Retro Computer Memories: Sinclair ZX81


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ZX81 is home computer produced by Sinclair Research.

It was launched in 1981 and was designed as ultra low cost entry level home computer.

While the Apple ][ cost about $1300 at that time, ZX81 was just $100 and could be bought also in form of kit so you can solder it yourself.

Here is picture of ZX81 kit content:

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ZX81 was designed to be small, simple and cheap. It uses TV tuner so you connect it to your TV and in 8KB of ROM it holds BASIC interpreter which have 1KB of RAM memory!

Its distinctive design brought its designer, Rick Dickinson, a Design Council award.

The unexpanded ZX81’s tiny memory presented a major challenge to programmers.

Simply displaying a full screen takes up to 768 bytes, the system variables take up another 125 bytes and the program, input buffer and stacks need more memory on top of that.

Nonetheless, ingenious programmers were able to achieve a surprising amount with just 1 kB. One notable example was 1K ZX Chess by David Home, which actually managed to squeeze most of the rules of chess into only 672 bytes! http://users.ox.ac.uk/~uzdm0006/scans/1kchess/

The ZX81 conserved its memory to a certain extent by representing entire BASIC commands as one-byte tokens, stored as individual “characters” in the upper reaches of the machine’s unique (non-ASCII) character set.

Let’s see what is inside:

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nice red soldermask laquer 🙂

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surprise: the top side have no protection mask – remember the PCB have to be cheap and soldermask cost money, as the components are soldered only on the bottom side there is just bottom solder mask.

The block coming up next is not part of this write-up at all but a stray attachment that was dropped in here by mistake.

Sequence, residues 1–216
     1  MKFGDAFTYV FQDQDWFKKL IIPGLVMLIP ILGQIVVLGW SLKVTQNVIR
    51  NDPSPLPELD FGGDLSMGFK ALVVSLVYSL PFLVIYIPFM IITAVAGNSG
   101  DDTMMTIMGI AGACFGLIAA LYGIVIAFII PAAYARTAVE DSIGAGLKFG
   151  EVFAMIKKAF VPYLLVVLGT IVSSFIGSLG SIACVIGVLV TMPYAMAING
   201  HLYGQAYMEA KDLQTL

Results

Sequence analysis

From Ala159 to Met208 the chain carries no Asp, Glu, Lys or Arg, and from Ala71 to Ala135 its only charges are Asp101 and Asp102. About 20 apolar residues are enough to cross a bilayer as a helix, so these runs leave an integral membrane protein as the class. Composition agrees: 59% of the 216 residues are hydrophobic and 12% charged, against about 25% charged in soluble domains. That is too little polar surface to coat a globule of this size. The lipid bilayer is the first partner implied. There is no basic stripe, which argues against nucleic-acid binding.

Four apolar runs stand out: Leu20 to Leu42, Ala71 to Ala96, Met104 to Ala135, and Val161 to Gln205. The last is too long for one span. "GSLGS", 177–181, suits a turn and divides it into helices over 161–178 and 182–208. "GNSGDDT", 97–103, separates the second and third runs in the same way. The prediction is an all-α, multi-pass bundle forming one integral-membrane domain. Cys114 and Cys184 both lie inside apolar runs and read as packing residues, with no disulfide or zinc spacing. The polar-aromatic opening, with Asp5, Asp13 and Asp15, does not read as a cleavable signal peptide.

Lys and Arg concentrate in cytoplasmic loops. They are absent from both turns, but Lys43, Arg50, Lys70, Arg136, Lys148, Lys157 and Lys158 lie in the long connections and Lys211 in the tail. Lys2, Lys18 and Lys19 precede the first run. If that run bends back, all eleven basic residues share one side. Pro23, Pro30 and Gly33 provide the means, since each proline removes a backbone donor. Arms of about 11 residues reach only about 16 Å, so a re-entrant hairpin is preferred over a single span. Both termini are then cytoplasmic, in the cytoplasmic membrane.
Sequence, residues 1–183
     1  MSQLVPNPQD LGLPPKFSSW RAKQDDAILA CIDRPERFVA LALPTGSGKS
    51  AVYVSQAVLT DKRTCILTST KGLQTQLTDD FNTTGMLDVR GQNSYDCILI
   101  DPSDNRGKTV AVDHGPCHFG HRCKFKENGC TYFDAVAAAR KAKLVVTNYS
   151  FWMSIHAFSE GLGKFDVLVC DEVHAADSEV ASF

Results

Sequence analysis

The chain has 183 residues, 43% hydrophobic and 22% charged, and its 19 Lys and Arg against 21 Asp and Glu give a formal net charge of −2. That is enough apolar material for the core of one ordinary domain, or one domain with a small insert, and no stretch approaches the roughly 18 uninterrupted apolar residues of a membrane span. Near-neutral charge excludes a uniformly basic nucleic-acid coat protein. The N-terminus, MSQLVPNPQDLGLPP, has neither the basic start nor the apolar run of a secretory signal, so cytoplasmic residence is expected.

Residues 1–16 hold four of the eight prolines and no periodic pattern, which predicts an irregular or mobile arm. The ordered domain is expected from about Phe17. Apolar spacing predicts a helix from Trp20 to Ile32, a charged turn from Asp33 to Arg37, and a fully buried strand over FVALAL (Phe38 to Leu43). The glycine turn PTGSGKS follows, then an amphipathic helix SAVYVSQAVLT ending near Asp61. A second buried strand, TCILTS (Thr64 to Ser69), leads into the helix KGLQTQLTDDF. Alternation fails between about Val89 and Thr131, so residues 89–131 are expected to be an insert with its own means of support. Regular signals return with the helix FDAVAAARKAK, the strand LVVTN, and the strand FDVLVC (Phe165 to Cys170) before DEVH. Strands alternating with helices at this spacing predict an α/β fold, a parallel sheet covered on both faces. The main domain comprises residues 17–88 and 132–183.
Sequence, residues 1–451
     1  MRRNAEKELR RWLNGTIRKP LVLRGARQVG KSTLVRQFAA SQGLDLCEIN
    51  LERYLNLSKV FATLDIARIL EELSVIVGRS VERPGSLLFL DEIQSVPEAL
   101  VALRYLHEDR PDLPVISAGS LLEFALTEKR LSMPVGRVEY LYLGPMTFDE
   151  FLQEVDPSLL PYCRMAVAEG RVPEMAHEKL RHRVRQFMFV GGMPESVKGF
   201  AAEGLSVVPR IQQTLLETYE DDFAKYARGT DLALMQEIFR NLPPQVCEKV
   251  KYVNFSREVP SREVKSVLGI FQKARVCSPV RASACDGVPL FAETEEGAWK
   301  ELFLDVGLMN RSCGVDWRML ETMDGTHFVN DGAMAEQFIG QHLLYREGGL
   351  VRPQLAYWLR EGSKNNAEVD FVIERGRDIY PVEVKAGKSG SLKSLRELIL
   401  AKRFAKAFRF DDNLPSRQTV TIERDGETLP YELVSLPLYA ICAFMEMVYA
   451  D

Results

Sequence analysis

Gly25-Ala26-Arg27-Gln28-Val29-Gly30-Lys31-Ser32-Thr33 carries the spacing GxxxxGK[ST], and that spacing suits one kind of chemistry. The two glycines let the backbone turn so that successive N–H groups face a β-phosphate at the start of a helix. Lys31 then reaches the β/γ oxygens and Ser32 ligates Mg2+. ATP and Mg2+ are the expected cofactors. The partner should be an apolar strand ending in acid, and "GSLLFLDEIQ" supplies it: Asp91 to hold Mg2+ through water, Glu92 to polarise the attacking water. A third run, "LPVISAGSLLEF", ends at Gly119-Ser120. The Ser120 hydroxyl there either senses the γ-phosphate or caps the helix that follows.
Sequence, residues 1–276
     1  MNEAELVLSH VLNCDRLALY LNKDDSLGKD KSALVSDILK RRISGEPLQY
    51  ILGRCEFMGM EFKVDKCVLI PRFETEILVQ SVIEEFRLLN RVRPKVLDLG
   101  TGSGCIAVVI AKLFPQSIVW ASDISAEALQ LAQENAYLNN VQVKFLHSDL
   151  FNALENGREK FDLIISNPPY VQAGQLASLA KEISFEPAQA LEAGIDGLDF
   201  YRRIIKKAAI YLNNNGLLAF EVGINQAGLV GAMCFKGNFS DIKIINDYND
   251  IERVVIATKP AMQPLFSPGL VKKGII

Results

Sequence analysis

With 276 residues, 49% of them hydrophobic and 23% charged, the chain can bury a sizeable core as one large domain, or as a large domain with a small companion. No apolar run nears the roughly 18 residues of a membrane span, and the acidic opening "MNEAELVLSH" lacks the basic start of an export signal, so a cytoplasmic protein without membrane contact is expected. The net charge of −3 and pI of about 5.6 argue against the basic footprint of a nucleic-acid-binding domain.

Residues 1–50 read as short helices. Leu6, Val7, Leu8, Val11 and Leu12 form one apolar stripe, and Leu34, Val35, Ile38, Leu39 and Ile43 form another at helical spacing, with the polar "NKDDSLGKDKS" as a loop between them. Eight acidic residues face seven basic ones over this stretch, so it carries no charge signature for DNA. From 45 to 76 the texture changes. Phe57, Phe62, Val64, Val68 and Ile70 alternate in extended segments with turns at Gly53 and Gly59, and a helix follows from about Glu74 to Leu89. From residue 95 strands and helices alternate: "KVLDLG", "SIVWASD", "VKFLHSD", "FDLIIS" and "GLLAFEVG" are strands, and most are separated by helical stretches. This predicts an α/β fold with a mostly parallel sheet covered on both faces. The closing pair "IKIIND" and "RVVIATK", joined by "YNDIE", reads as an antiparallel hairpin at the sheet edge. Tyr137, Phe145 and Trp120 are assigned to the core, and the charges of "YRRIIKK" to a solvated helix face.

As you can see from the picture above the ZX81 have just few ICs and all glue logic is in ULA Ferranti chip in the left of Z80. The two small ICs in the right side are the RAM memory and the big chip with the window is 8KB of UV-light Erasable ROM where the BASIC interpreter is.

I like ZX81 as it’s master piece for it’s time – showing how one home computer can be produced on budged and to be profitable.

3 Comments (+add yours?)

  1. Optimum Trajectory Photography
    Jul 16, 2013 @ 03:11:32

    Aha, a 5 chip one. I have one of the 4 chip versions. Not switched it on since before 2000 so dont know if it Y2K compliant or not!

    BUT, I learnt machine code on that wee beastie, and how to write efficient code too. Maybe some at Microsoft should spend time with 1Kb of RAM to see if they can stop producing bloatware 😉

    Lovely walk down memory lane, thanks 🙂

    Reply

  2. Frank L.A.
    Jul 16, 2013 @ 12:40:47

    My first Computer; I soldered (first time ever) the kit with a 80 Watts 5mm-tip iron and it took me four or so days to get it working; after many many attempts I even had the Z80 plugged in the wrong orientation – for several hours. Without harming it. That sticker, which turned out to be the keyboard. FAST and SLOW mode (with a jump into screen memory where the End-Of-Line code 118 was a “return from interrupt”, instructing the glue chip to stop reading via a unique Z80 system state bit pattern – for sure one could learn some dirty tricks here!) .. I am sure there was no Y2K issue – since it had neither a clock nor a file system. Even with memory extension you could fill up the entire memory and produce a stack overflow (after about a minute or so with 16KB) without a single program line, just by typing the two statements LET A$=”VAL(A$)” and PRINT VAL(A$). Later on the Spectrum one could use this unique unlimitted recursion to programm a complete (universal yet inefficient) flood fill algorithm with just a handfull of lines of code. But the TRUE masterpice was the ZX printer; with two digital in and two out ports, one motor, one encoder disc, some wire and plastics you got a full screen hardcopy in less than five seconds.

    Reply

  3. arc310
    Jul 17, 2013 @ 00:26:19

    Strange to find an EPROM here. Mine had a mask ROM. And what are those flying wires ?
    I remember a trick that made it possible to store a new char set in the static 1K RAM while using the 16K RAM for the program. You had to solder a few wires so that the bitmap was read from the 1K chip instead of the ROM.
    Later, I saw HiRes (256*192 !) by software only, using an alternate NMI interrupt driver. Clever !

    Reply

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